The collection, use and disclosure of geolocation information obtained from customers' mobile devices has become commonplace among mobile phone providers and third party application developers. Geolocation information identifies the location of the individual using the device and is often used to provide location based information, advertisements and services to consumers. Current federal law allows companies to collect and share this information with third parties without the need to obtain consent from their customers.1 This practice has garnered significant media attention in recent months, and has raised privacy concerns among consumers.
In response to these privacy concerns, two federal bills, the Location Privacy Protection Act ("LPPA")2 and the Geolocational Privacy and Surveillance Act ("GPS Act")3, were recently introduced. If enacted, this legislation would restrict the collection and use by non-governmental entities (and, in the case of the LPPA only, governmental entities including law enforcement agencies) of geolocation information collected by mobile devices without consumer consent. The LPPA was introduced by Senators Al Franken (D-Minn.) and Richard Blumenthal (D-Conn.) on June 16, 2011, while the GPS Act was introduced by Senator Ron Wyden (D-Ore.) and Representative Jason Chaffetz (R-Utah) on June 15, 2011.
Location Privacy Protection Act
Under the LPPA, non-governmental individuals or entities, involved in the business of providing a service to electronic communication devices, would not be allowed to knowingly collect, receive, record, obtain or disclose to other non-governmental individuals or entities, the geolocation information from "electronic communication devices" without the express authorization of the individual using the device.4 The LPPA defines "electronic communication device" broadly to include any device that enables access to an electronic communication or geolocation information system or service that is designed or intended to be carried by the individual or travel with the individual (including a vehicle driven by the individual).5 This definition would cover any mobile device such as mobile phones, smart phones, Wi-Fi equipped laptops, gps navigation units or other mobile devices that provide information regarding the location of the device. The LPPA provides exceptions for collection and use of geolocation information in emergencies or when required by statute, regulation or appropriate judicial process.6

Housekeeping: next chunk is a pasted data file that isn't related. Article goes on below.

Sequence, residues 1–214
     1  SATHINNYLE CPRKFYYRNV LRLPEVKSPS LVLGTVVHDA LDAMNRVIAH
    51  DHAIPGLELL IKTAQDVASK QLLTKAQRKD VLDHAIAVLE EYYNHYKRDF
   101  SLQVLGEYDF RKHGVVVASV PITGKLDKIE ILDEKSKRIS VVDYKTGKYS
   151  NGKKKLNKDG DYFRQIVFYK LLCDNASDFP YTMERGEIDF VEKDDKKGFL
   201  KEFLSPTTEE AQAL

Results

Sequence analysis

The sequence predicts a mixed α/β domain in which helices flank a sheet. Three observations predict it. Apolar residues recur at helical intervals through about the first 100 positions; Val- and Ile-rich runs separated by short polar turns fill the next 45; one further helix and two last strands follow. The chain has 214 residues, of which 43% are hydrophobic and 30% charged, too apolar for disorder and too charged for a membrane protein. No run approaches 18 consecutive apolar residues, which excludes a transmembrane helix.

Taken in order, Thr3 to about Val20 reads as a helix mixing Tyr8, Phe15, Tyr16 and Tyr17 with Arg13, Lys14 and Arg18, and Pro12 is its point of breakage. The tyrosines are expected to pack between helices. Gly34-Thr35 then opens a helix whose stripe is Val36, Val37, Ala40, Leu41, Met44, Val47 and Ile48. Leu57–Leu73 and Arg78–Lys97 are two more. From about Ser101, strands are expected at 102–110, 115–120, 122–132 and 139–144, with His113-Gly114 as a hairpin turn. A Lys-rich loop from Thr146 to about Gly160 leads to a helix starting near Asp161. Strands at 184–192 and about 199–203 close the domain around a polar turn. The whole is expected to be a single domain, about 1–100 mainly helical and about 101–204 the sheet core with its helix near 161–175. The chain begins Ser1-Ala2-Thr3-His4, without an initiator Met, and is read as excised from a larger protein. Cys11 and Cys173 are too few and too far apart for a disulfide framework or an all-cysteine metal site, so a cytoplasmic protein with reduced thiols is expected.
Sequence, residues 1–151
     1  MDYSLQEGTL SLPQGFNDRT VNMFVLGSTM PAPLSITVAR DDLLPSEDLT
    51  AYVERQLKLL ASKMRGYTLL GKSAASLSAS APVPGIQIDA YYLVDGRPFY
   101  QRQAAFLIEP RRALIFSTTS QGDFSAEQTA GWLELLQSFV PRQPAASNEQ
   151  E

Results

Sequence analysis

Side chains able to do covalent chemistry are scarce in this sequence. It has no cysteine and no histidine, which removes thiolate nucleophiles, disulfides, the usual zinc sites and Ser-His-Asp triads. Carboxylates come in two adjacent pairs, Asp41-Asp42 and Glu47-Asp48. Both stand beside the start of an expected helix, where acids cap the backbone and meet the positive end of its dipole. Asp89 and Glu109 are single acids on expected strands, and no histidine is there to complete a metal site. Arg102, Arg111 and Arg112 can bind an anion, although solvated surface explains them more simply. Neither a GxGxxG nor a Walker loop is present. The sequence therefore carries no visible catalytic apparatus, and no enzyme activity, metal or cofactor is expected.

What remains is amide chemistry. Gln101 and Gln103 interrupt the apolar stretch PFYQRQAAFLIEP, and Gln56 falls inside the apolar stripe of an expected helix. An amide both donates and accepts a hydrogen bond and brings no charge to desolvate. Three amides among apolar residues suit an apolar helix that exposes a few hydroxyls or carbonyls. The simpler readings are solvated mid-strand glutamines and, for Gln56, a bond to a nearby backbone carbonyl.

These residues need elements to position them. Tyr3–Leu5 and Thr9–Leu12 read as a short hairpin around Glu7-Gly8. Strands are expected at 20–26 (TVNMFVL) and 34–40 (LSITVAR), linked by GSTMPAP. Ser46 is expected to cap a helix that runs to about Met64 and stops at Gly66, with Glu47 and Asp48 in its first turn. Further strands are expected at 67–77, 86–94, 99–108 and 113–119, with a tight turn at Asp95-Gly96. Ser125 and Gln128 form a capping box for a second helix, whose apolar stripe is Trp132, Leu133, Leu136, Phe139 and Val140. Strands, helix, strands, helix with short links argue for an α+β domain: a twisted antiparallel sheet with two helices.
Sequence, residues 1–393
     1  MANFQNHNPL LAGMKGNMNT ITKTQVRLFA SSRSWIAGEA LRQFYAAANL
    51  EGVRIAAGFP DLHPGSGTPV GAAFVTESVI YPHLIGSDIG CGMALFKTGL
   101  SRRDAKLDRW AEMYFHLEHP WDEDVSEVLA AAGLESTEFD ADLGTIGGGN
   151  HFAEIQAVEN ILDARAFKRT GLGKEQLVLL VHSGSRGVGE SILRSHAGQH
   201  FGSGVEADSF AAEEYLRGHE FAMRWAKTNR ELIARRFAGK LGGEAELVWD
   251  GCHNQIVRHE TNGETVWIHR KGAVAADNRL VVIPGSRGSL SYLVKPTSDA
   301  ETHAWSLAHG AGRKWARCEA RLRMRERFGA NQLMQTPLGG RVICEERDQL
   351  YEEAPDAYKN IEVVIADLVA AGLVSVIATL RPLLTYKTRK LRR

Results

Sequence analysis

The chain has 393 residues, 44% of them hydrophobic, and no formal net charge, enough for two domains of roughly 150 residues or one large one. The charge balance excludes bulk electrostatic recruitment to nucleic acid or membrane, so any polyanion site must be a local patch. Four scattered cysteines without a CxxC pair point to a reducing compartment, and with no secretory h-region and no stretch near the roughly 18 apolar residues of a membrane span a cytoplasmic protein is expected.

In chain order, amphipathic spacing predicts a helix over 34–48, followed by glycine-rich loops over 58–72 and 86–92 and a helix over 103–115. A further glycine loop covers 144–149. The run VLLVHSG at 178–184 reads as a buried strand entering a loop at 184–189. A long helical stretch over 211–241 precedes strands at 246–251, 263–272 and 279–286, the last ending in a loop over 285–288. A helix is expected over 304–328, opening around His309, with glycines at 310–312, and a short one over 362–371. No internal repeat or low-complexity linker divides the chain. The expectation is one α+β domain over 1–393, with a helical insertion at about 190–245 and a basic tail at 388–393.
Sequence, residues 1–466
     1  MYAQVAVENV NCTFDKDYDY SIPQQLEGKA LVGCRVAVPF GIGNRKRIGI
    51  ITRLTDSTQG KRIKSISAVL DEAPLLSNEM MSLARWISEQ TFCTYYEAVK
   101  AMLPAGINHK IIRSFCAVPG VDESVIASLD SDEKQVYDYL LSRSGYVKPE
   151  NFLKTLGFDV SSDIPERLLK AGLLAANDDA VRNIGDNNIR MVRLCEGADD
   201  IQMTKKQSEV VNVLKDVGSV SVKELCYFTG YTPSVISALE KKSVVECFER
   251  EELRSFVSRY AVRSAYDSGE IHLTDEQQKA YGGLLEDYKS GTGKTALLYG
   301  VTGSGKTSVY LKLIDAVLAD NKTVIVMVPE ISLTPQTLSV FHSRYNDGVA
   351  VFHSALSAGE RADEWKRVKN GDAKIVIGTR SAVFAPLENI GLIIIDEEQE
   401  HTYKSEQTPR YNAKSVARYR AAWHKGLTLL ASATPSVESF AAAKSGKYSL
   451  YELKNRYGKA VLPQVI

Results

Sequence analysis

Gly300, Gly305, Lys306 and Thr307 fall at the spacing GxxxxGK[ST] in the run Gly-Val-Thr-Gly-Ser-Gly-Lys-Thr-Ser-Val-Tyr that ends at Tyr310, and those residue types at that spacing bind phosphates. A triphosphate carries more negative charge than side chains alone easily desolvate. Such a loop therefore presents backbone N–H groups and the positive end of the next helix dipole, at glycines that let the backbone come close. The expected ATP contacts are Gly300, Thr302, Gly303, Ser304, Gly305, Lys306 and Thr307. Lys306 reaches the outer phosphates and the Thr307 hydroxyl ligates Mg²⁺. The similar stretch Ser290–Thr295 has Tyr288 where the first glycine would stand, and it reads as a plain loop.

The LPPA also authorizes the United States Attorney General, State Attorney Generals and private individuals to bring a cause of action against entities that violate the LPPA, although simultaneous causes of action are not permitted.13 For example, if the U.S. Attorney General brings an action, this would preclude the State Attorney General and individuals from filing claims for the same violation during the pendency of the federal cause of action. Similar mechanisms, giving the federal government priority for enforcement, have been proposed in other pending privacy legislation, such as the Commercial Privacy Bill of Rights legislation introduced by Senators John Kerry and John McCain, which was discussed in our previous privacy law developments posting.14 An action by the State Attorney General similarly precludes individuals from bringing a cause of action.15 Under the LPPA, courts are authorized to award actual damages of not less than $2,500, punitive damages and reasonable attorneys' fees for violations of the LPPA.16